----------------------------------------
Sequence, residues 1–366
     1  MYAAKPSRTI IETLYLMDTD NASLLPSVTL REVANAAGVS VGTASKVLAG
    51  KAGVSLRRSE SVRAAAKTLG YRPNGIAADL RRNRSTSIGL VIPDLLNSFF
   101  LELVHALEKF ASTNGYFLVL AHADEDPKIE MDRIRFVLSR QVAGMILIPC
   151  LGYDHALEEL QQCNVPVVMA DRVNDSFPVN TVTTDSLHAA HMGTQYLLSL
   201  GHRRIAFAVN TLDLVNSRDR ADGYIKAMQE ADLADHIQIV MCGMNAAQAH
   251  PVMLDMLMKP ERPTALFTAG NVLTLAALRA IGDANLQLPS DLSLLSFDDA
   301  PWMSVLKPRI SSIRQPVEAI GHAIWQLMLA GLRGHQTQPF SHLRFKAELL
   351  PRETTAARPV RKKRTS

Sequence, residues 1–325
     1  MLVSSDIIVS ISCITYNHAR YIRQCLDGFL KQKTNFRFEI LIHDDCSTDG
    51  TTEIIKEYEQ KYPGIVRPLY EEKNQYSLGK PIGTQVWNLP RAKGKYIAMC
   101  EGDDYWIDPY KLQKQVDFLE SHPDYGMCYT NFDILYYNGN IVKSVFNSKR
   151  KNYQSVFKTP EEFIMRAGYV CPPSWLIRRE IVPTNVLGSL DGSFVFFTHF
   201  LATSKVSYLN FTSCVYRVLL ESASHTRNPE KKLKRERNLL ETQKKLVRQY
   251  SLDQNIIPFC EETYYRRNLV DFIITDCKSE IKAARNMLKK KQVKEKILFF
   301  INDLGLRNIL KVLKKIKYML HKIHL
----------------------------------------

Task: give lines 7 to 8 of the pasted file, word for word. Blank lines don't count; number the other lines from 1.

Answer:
   251  PVMLDMLMKP ERPTALFTAG NVLTLAALRA IGDANLQLPS DLSLLSFDDA
   301  PWMSVLKPRI SSIRQPVEAI GHAIWQLMLA GLRGHQTQPF SHLRFKAELL